Colubrid Snake Remedies

Narayana Verlag
Author(s) Vatsala Sperling
Out of stock

Remedies from venomous snakes, Crotalus, Elaps, Lachesis, Naja, and Vipera sp., are well known and in use since late 1800s-early 1900s. Recent developments in homeopathy enable us to identify words and gestures used by people requiring remedies from these snakes, and prescriptions can also be based purely on symptoms and pathological indications.

However, some individuals express the language and gestures indicative of venomous snake remedies without presenting any hint of the ferocious energy and immense physical power of these snakes. Will remedies from venomous snakes still benefit them? Or do they need remedies made from nonvenomous snakes?

These questions led Dr. Vatsala Sperling to explore the nonvenomous snakes belonging to Colubridae family, understand their natural behavior and the winning strategies they use for survival and compare these with the natural behavior and survival strategies of venomous snakes. The author draws from her study of animal remedies and Colubrid snakes to show their unique expertise – mimicry. She explores the place of snakes in the periodic table of animals developed by Drs. B and S Joshi and shows how mimicking bigger, and venomous snakes help the Colubrids attain self-protection. Six cases from her practice are used as examples. In these cases, repertorization points to venomous snakes. However, focusing on the words, energy and gestures used by clients in the clinical setting, instead of relying on rubrics, led her to differentiate between venomous and nonvenomous snakes, and choose remedies from nonvenomous snakes. Five different species of nonvenomous Colubrid snakes, Cyclagras, Elaphe, Lampropeltis, Natrix and Thamnophis sp. are described in detail with regards to their general, maternal, predatory, and anti-predatory behavior. The outcome after taking the indicated nonvenomous snake remedies shows the effectiveness of the remedy choice.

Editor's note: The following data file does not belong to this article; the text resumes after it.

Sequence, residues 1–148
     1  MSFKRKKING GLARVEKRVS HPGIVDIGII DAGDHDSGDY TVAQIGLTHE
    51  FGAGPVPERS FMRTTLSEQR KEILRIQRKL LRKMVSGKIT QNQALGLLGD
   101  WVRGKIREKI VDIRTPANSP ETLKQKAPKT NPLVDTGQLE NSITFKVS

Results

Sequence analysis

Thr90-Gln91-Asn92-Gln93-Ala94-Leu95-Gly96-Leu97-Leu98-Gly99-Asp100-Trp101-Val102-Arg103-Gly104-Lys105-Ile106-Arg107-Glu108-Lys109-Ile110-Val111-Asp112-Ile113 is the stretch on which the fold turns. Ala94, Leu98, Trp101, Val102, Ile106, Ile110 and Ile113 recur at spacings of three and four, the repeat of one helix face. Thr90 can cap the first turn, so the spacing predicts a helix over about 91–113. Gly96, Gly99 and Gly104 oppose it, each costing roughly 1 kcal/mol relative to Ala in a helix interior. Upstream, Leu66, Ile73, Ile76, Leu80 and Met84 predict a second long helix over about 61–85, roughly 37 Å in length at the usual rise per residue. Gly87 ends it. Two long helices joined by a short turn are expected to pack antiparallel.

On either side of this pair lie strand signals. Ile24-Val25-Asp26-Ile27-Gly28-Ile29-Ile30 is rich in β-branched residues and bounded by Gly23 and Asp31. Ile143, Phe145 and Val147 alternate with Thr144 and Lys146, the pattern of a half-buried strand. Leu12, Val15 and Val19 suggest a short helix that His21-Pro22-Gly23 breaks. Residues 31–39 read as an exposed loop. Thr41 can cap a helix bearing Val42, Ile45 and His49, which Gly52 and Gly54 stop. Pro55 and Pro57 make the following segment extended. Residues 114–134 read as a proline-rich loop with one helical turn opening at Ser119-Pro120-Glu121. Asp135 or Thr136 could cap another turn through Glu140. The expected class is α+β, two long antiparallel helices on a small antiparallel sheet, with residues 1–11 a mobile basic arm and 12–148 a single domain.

Identifying and including nonvenomous snake remedies in your own practice enables you to help a larger number of your clients who express themes, words, and gestures indicative of nonvenomous snake. 

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AuthorVatsala Sperling
PublisherNarayana Verlag